A lymphatic malformation is a mass in the head or neck that results from an abnormal formation of lymphatic vessels. Lymphatic vessels are small canals that lie near blood vessels and help carry tissue fluids from within the body to the lymph nodes and back to the bloodstream.
There are two main types of lymphatic malformations:
Nearly all cystic hygromas occur in the neck, although some lymphangiomas can occur in the mouth, cheek, and tissues surrounding the ear, as well as other parts of the body. Lymphatic malformations are present at birth, but they are sometimes not detected until the child is older. Some lymphatic malformations can spread into surrounding tissues and affect the proper development of the area. Lymphatic malformations may also enlarge and become infected following an upper respiratory infection.
Lymphatic malformations are sometimes seen in children with certain chromosome abnormalities and genetic conditions, including Down syndrome and Turner syndrome.
A lymphatic malformation is a congenital (present from birth) defect that occurs during early embryonic development when the lymphatic vessels do not properly form. The vessels may become blocked and enlarged as lymphatic fluid collects in the vessels, forming a mass or a cyst.
An internal lymphatic malformation in the mouth or cheek may not be noticed until it becomes infected and enlarges. Cystic hygromas can grow very large and may affect breathing and swallowing. The following are the most common symptoms of a lymphatic malformation. However, each child may experience symptoms differently. Symptoms may include:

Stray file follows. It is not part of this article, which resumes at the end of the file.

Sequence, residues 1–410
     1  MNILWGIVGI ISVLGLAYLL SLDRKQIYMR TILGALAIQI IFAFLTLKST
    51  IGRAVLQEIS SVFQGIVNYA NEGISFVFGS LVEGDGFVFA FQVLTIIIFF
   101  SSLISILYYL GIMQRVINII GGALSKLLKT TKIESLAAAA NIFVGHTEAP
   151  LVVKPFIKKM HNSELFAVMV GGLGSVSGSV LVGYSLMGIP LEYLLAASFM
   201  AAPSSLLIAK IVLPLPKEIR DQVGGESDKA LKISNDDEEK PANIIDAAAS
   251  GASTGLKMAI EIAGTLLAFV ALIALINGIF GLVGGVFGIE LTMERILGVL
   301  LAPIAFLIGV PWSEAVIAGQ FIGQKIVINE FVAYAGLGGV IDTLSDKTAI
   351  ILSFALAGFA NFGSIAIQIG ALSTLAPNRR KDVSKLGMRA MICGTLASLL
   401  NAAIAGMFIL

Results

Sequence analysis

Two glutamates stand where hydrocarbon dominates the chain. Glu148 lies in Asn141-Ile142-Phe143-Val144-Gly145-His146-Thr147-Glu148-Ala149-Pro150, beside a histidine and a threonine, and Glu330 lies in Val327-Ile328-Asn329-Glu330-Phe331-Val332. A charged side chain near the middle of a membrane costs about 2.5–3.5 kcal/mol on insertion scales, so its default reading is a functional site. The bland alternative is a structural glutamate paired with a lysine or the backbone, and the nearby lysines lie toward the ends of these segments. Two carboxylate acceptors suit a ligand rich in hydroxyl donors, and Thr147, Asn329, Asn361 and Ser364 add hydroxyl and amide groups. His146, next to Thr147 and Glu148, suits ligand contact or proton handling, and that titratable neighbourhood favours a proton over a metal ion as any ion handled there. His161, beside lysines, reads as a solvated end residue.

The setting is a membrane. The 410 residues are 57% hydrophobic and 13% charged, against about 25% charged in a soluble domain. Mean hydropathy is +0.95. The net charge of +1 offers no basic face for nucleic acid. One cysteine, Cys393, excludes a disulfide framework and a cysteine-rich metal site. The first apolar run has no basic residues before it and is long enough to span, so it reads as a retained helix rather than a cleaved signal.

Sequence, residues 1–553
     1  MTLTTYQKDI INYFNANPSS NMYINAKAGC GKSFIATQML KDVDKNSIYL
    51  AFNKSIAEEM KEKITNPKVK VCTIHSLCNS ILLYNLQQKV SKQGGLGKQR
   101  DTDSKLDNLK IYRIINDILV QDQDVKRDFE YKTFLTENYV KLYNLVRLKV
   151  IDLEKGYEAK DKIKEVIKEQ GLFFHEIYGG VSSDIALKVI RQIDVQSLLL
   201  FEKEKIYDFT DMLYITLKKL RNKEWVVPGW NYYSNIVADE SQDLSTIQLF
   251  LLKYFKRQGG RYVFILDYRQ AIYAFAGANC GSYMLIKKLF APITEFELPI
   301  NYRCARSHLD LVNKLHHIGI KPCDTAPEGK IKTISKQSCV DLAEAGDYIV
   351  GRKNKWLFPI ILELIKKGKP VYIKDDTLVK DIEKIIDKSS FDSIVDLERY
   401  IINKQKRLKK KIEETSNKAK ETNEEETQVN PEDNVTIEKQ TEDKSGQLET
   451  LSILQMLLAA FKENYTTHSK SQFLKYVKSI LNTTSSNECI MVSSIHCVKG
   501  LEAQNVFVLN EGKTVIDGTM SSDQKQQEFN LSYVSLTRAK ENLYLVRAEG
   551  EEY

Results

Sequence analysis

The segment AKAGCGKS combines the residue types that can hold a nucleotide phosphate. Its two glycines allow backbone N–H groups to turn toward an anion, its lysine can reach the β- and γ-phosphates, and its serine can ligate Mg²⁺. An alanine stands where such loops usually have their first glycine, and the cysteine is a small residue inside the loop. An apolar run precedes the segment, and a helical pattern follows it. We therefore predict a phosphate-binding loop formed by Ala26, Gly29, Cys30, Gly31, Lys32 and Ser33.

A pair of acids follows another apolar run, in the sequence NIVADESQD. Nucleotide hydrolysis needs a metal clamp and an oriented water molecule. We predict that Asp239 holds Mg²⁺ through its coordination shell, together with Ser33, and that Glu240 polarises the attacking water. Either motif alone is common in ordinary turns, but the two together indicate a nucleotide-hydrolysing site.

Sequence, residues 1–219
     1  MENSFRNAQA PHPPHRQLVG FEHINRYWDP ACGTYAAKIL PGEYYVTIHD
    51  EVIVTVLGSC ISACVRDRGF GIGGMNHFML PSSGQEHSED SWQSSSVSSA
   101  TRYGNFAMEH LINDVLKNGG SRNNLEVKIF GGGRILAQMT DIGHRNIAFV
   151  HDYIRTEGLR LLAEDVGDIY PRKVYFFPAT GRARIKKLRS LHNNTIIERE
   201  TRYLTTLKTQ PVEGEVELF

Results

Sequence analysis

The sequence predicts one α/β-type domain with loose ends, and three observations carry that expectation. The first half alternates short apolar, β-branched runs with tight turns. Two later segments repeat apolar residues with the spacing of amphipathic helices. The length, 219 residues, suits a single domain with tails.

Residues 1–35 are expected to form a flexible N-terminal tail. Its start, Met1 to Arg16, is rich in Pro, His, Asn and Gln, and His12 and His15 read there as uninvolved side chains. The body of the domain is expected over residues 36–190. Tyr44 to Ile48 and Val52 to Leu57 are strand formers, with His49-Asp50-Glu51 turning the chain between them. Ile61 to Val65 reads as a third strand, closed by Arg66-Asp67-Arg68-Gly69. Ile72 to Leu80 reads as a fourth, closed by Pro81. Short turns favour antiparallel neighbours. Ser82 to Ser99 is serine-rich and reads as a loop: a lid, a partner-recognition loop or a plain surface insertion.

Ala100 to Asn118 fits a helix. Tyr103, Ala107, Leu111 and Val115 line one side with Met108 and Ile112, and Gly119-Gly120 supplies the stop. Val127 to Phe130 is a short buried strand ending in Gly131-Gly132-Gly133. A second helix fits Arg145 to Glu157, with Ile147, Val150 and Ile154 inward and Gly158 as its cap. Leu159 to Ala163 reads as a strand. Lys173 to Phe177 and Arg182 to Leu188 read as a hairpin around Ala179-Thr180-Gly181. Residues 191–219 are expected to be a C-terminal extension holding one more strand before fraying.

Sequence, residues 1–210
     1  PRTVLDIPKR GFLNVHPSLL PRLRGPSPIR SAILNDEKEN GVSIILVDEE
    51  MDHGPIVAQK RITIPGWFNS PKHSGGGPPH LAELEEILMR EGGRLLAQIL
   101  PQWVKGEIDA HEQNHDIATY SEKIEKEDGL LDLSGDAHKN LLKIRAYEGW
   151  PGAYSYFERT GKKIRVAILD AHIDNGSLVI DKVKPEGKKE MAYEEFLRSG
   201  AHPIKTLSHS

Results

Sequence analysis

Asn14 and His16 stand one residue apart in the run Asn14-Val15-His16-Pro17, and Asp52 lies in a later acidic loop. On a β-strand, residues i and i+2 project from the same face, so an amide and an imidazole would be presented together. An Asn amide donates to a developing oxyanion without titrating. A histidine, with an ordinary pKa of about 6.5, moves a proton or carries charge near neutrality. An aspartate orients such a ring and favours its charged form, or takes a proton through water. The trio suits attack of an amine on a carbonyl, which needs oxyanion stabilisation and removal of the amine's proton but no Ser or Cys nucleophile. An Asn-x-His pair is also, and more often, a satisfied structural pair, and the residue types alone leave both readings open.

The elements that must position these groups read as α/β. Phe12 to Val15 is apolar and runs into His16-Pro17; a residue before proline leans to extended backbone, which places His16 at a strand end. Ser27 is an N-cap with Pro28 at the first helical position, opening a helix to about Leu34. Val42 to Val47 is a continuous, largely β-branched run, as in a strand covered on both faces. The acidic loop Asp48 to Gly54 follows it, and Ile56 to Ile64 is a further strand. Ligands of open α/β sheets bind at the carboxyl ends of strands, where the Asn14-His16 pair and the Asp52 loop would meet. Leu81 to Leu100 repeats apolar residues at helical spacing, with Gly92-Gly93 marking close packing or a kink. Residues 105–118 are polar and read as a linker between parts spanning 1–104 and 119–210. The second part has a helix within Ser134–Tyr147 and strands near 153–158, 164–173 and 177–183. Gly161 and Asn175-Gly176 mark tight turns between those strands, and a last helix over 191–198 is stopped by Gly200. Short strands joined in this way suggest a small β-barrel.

The symptoms of a lymphatic malformation may resemble other neck masses or medical problems. Always consult your child's doctor for a diagnosis.
During pregnancy, a fetal ultrasound may detect some large lymphatic malformations. Ultrasound is a diagnostic tool used to evaluate organs and structures inside the body with high-frequency sound waves. After birth, diagnosis of a lymphatic malformation is generally determined by a physical examination. In addition to a complete medical history and physical examination, diagnostic procedures for a lymphatic malformation may include the following:
Specific treatment of lymphatic malformation will be determined by your child's doctor based on:
Your child's age, overall health, and medical history
Extent of the condition
Your child's tolerance for specific medications, procedures, or therapies
Expectations for the course of the condition
Your opinion or preference
Treatment may include:
Observation of the malformation (to watch for growth or changes)
Antibiotic medications (to treat infection)
Incision and drainage of the lesion
Surgery (to remove the lymphatic malformation)
A small percentage of lymphangiomas can regrow and are often detectable within a year after surgery. Regrowth is more likely with larger and more complicated malformations.
The Vascular Anomalies Clinic brings all of the necessary pediatric specialists together -- in one place -- for individual evaluation and treatment of children with vascular anomalies.
Invest in future cures for some of life's most devastating diseases
Keep in touch with Children's National by signing up for our newsletters.
"People always tell me 'You're so strong, I don't know how you got through it.' I like to say that you never know how strong you are or what you are capable of until you have no choice but to be strong."
Read More of Austin's Story
Located within Children's National Health System, the Regional Outpatient Centers' administrative offices support outreach to the community and facilitates hospital department participation in the program. The Regional Outpatient Centers offer Children's specialists in a neighborhood setting around the region.
Seborrheic dermatitis, also known as cradle cap, is characterized by fine white scales on the head and scalp.
Skin color is determined by pigment (melanin) made by specialized cells in the skin called melanocytes. The amount and type of melanin determines a person's skin color.